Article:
How It Looked Before: Vault was extremely consistent in 2023, highlighted by Kyndall Gilbert’s explosive Yurchenko full. Though the full lineup had 9.950 start values, they were calculated vaults that often took few builtin deductions. 

How It Looks Now: Last season’s vault core is back with a vengeance and has added big reinforcements to the depth chart. Dani Fuertez and Gabby Riley both train 10.0 start values, but they’ll only see lineup time if they’re stickable. Sophomore transfer Behner brings highscoring vault experience with her from the EAGL, topping her stuck Yurchenko full at 9.900 in only one season.

Trending up, down or too early to tell? Trending up, given their increased 9.800+ potential vaults and new pit to train them into. 


Potential Contributors: Karlie Franz (9.775 NQS), Kyndall Gilbert (9.775), Brynne Tsipis (9.750), Sarah Haxton (9.730), Nastia Rudnitskaya (9.640), Kennedy Weinpert (9.213 AVG), Zoe Rankin, Nene Alvine, Dani Fuertez

How It Looked Before: Bars had high highs, and lackluster lows, pulling between low 48.000s, and mid 49.000s. Their roster pulled in the highest bars score in the MAC at 49.450, led by recent graduate Rachel Decavitch.  

How It Looks Now: Save Decavitch, this lineup should look pretty similar to last season. Watch for Nastia Rudnitskaya to pick up where she left off in 2023. She found her stride late last year and topped at a 9.900.

Trending up, down or too early to tell? Too early to tell, since bars is likely to see little turnover in the first few weeks. 


Potential Contributors: Sarah Haxton (9.825 NQS), Alyssa Guns (9.795), Zoe Rankin (9.705), Grace Wehry (9.650), Nene Alvine, Dani Fuertez, Grace Knurek, Ashley Morgan, Gabby Riley

How It Looked Before: Beam proved to be a turning point on meet days, either locking in or losing lots of momentum. Decavitch along with Cami Klein provided veteran leadership for the beam squad, each topping out at 9.900. 

How It Looks Now: Any combination of six, hit beam routines will be welcome, from returners and new Golden Flashes alike. If Nene Alvine’s Achilles is healthy, she’ll bring confident beam to Kent State including a layout front toss. Riley has the potential to bring a double tuck dismount into the lineup, after competing it in both Level 10 and in Illinois’ high school circuit.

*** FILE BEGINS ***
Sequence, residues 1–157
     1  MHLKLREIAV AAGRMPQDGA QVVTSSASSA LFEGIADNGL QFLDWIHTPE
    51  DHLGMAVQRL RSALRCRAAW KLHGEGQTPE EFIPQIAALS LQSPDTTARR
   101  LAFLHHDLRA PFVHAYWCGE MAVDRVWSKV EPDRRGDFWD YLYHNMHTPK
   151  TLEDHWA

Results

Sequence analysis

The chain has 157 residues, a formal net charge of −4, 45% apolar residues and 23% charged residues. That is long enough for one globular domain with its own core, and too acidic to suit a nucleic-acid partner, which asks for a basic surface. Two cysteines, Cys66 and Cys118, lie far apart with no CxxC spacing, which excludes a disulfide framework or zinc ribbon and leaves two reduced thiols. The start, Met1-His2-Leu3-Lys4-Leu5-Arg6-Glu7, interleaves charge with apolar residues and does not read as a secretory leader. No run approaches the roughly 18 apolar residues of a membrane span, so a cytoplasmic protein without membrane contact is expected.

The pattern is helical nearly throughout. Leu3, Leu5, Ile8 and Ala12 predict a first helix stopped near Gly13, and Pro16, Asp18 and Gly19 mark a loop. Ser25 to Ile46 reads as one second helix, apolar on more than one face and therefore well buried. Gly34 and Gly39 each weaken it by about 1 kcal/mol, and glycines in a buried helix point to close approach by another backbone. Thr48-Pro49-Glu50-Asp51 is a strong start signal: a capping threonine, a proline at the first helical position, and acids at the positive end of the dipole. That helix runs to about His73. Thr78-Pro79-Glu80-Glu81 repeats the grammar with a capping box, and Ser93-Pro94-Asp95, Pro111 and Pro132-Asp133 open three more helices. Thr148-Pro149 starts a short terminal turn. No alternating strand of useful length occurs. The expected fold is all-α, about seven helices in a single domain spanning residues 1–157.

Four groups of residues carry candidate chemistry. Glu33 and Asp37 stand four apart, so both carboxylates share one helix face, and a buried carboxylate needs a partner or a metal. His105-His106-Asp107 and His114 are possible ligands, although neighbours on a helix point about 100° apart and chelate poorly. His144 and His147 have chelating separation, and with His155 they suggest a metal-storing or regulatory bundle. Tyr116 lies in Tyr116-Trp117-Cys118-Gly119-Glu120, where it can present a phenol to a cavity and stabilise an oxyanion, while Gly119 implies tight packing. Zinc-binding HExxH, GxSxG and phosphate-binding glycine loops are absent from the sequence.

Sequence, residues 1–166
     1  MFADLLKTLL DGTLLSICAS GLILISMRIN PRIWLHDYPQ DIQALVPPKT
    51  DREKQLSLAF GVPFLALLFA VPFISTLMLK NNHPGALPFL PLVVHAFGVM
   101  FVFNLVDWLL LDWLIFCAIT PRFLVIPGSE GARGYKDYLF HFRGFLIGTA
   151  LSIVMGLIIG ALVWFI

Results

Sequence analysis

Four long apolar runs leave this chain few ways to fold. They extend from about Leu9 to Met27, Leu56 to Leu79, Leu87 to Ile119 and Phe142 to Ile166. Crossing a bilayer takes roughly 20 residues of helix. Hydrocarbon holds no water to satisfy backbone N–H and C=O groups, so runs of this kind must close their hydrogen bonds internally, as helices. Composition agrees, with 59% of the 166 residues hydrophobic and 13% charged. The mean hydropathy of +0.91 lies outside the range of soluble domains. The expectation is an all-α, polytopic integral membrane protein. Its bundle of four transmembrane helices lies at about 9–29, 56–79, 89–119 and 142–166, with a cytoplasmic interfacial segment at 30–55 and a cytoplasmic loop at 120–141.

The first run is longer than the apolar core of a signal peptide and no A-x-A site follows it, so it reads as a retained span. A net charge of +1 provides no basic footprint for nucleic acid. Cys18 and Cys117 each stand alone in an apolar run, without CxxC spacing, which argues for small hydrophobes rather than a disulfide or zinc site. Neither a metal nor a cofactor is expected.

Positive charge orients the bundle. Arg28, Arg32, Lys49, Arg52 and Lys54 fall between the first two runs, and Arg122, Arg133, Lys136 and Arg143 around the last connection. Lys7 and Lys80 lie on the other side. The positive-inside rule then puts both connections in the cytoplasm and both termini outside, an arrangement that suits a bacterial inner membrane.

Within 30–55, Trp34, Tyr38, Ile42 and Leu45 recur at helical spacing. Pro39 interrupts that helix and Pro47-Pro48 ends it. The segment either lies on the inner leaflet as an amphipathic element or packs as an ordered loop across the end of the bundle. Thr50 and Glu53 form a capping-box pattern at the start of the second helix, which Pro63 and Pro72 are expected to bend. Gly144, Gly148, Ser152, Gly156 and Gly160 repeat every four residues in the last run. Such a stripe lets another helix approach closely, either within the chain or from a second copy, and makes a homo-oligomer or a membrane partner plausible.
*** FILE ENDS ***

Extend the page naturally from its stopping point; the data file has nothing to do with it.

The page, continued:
Trending up, down or too early to tell? Too early to tell, but there have been too many beamers recruited to not trend up with some hit routines. 


Potential Contributors: Alyssa Guns (9.910 NQS), Karlie Franz (9.905), Kennedy Weinpert (9.860), Grace Wehry (9.825), Sarah Haxton (9.750), Cheyenne Pratola, Heidi Schultz, Charlie Behner, Dani Fuertez, Grace Knurek, Ashley Morgan, Gabby Riley

How It Looked Before: Kent State did on floor what they know best: coming out swinging, then hitting cruise control through to hosting the MAC championships. Alyssa Guns and Karlie Franz both produced dependable 9.900+ scores, and finished their individual seasons with strong showings at regionals. 

How It Looks Now: Ashley Morgan brings lineup-ready tumbling with her, which is no easy feat at Kent State. She’ll complement a historically deep roster, which has been dominated by upperclassmen in recent seasons.

Trending up, down or too early to tell? Trending up – every time we blink there’s another lineup ready routine. It’ll just come down to finding the top scoring six, and resting the right routines mid-season.

Three Big Questions

Where can Kent State best utilize Josie Angeny’s coaching?

If there’s one thing Angeny can draw on from her career at Kentucky and Georgia, it’s being in a consistent bars and beam role. She’s well suited to work with the team on its consistency and amplitude on her pet events, to complement the Golden Flashes’ dynamic leg events. 

Will we see upgraded skills as a result of an upgraded gym?

One can hope! But, at the end of the day, consistency is what makes lineups on this roster. The Golden Flashes’ highly anticipated foam pit will help to mitigate landing stress over the season, which could lead to fans seeing their favorite routines more often.

Which of the Golden Flashes’ records can we expect to fall?

As a rule of thumb, always be on the lookout for big numbers from this deep of a floor roster. 

READ THIS NEXT: Potential Lineups: Pac-12 Part II

Article by Peri Goodman and Tara Graeve